Sacrament, Living on Stilts, & Oh my god… by Melissa Llanes Brownlee
In her three microfiction pieces “Sacrament,” “Living on Stilts,” and “Oh my god your voice sounds so haole,” native Hawai’ian writer Melissa Llanes Brownlee invites the reader into “moments of my life that have, could have, may have been.” We witness her characters as they taste the body and blood of Jesus Christ. We learn why Hawai’ian houses hover above the earth on stilts, then we gleefully eavesdrop on the private jokes and accusations shared between cousins. Each microstory, written in a mix of Hawai’ian Pidgin Creole and English, is intimate, charming, and feels so welcoming that we do not hesitate when Brownlee warns us in her author’s note that we have just been dropped “into the middle of the Pacific Ocean with only my words to guide you.” We are happy to follow, as we are entranced by the interplay of both languages, touched by each story, and grateful for our guide. —CRAFT
Pua shifts in the pew as the water and bread are passed out by the chosen boys, her mu’umu’u scratchy and stiff against her skin. She wonders if it will be white or wheat bread. Her mother pinches her on the back of her arm so no one can see as the bishop drones on about stuff she should be paying attention to but doesn’t want to, a whispered warning, hot in her ears no shame me nails digging, pulling tears from her eyes no make me take you to da car. She sits still, her mother’s fingers releasing with a last no make me do dat again, girl, her mother’s eyes fire, a smile wide across her face as she checks to make sure no one heard her. Pua knows no one cares. She’s sure all the other kids’ arms are scratched black and blue too, their brown skin hiding all sins. The bread and water come to her row, her brother so proud in his aloha shirt and slacks, holding the tray and walking down the row. She hopes he drops it before he gets to her so he’s the one who gets it and not her. He stops in front of their mother, her smile reaching her eyes. Carefully she lifts the piece of wheat bread and places it in her wide mouth, her lips close as she chews and swallows. Her fingers curve around one of the tiny little cups filled with water, her nails flashing red, lifting it slowly to her lips, sipping it, savoring the moment, before placing the empty cup back. Her brother moves to her, his smile matching their mother’s and Pua prays as she chooses her piece of brown bread, her mother’s eyes hard on her.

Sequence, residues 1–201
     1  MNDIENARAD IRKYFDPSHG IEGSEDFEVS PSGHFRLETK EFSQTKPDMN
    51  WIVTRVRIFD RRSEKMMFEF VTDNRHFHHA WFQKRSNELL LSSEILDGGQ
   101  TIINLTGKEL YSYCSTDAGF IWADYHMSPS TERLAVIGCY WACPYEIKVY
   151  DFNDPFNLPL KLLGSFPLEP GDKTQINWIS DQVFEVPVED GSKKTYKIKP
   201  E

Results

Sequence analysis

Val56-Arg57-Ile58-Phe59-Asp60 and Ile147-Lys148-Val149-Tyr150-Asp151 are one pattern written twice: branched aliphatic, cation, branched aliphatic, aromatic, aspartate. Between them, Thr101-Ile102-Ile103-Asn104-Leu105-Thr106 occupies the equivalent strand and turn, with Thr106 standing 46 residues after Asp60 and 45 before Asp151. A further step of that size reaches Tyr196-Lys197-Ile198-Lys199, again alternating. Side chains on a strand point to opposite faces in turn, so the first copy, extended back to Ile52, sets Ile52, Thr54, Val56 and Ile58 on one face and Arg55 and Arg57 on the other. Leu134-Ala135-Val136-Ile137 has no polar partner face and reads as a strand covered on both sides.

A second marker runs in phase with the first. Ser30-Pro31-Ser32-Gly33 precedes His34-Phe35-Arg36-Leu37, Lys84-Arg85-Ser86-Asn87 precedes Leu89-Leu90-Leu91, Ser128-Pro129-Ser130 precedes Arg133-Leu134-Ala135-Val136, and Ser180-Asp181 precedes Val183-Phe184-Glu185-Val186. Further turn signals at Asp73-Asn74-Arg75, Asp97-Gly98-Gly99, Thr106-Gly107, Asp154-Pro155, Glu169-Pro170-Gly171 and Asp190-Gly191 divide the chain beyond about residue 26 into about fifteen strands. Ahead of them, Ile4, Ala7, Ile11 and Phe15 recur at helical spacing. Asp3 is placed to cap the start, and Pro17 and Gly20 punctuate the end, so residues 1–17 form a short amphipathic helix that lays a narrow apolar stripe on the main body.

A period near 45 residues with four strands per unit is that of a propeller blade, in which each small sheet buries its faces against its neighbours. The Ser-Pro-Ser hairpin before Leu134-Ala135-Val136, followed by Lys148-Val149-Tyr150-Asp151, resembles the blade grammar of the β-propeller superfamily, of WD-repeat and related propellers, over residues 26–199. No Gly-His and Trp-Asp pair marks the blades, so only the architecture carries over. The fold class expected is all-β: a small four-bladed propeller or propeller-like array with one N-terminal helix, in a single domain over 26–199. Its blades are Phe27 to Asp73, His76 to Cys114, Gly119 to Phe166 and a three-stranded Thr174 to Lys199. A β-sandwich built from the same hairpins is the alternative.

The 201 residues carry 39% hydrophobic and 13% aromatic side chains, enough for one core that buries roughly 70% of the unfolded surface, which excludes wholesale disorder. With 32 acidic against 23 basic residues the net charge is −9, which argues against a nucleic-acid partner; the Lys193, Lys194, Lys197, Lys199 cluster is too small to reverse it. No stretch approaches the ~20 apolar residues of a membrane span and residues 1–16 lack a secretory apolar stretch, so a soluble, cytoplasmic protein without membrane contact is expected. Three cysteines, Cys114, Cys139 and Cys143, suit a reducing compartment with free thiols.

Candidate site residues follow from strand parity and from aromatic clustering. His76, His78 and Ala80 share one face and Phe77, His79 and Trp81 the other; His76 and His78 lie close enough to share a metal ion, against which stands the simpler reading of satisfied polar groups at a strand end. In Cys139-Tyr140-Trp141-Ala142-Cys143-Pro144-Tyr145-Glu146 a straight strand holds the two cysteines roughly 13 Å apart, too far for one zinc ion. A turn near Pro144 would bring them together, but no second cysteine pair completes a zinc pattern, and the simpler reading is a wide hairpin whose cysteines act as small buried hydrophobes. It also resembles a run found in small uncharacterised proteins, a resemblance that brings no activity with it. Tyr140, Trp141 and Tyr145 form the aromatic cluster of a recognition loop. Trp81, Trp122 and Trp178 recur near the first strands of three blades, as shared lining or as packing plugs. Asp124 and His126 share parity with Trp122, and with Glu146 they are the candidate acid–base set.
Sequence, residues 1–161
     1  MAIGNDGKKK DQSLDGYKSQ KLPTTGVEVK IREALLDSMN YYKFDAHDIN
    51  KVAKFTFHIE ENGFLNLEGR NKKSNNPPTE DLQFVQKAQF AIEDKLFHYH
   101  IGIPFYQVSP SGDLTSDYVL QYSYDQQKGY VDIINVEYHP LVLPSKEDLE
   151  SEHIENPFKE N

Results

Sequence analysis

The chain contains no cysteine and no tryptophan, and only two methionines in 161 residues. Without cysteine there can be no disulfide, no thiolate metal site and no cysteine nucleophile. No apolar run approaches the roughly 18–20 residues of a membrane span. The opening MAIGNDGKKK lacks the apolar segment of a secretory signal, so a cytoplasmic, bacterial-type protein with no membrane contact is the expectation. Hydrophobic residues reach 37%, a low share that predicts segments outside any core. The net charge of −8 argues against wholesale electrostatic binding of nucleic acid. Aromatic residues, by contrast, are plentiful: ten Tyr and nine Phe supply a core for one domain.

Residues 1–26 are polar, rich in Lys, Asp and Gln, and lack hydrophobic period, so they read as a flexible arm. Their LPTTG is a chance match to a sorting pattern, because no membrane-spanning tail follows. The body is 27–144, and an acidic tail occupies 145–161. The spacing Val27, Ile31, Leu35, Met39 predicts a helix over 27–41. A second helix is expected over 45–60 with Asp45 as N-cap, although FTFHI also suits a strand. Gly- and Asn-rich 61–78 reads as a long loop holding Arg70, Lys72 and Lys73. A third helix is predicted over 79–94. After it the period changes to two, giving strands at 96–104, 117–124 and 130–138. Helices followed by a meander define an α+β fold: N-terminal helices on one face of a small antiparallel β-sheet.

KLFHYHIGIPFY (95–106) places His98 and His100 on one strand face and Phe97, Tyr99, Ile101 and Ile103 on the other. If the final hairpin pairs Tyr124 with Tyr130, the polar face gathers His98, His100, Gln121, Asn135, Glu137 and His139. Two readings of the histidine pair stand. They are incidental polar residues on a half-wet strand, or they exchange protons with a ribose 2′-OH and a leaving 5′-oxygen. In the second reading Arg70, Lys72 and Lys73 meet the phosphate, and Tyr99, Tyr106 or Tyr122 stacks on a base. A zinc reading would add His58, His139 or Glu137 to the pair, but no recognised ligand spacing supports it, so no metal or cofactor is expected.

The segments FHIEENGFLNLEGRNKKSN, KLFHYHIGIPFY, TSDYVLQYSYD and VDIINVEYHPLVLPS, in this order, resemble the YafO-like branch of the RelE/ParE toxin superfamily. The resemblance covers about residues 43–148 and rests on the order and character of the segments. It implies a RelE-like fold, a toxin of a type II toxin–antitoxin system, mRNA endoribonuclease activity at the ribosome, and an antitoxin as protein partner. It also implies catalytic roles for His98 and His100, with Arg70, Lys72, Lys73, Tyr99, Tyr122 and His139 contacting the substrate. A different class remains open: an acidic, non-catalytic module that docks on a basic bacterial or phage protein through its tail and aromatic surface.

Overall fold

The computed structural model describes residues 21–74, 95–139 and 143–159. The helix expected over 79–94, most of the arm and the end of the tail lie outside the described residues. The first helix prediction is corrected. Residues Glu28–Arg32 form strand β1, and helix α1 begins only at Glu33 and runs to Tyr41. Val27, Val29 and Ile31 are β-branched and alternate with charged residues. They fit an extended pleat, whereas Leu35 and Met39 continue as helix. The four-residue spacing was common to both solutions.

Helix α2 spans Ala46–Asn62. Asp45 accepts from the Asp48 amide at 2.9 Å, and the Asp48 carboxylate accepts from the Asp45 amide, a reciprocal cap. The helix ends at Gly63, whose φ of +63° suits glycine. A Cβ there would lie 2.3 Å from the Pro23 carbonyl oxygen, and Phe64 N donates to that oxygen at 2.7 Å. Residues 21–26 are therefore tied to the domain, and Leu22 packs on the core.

Living on Stilts
Our houses stay on stilts but we no live near the ocean. Our daddies they wen tell us the lava rock no like foundations, so it stay better to build with the land. Wen Pele stay angry we barely feel it, her ami barely circling to our little volcano. She like Kilauea better anyway, probably get one boyfriend over there. Our mommies laugh wen we tell them. Mommies know the truth. Pele going go where she like and it’s never about the boyfriends, that’s just daddies being stupid. Our houses stay on stilts and one day Pele going knock em all down.
Oh my god your voice sounds so haole
my cousin yells over the phone line as I call them up to see if they want to go drinking at our favorite bar when I come home to visit how else am I supposed to sound I live on the mainland I grumble at them you think anyone going understand me if I stay talking like dis they laugh yeah yeah you still sound haole I breathe and ask again you like go Teru’s for sing karaoke they giggle and I know they just can’t stop thinking about me living so far away and speaking as if I were better than everyone else I bet you stay white as one ghost up dea they just won’t lay off well stay hard for tan when it stay snowing and I no like turn into one orange if I go in one tanning bed I’m tired you like cruise or what they finish their fit sure sure cuz no worries we going cruise I worry I’m making a mistake jus make sure you leave your haole high maka maka shit up dea, or else the threat ringing in my ear as I hang up
MELISSA LLANES BROWNLEE (she/her) is a native Hawai’ian writer living in Japan. She has work published and forthcoming in The Rumpus, Fractured Lit, Flash Frog, Gigantic Sequins, Cream City Review, The Cincinnati Review’s miCRo series, Indiana Review, swamp pink, and Moon City Review. Her work has also been honored by inclusion in The Best Small Fictions, Best Microfiction, and the Wigleaf Top 50. Read Hard Skin: Stories from Juventud Press and Kahi and Lua: Tales of the First and the Second from Alien Buddha. Melissa tweets @lumchanmfa.
Featured image by Annie Spratt, courtesy of Unsplash.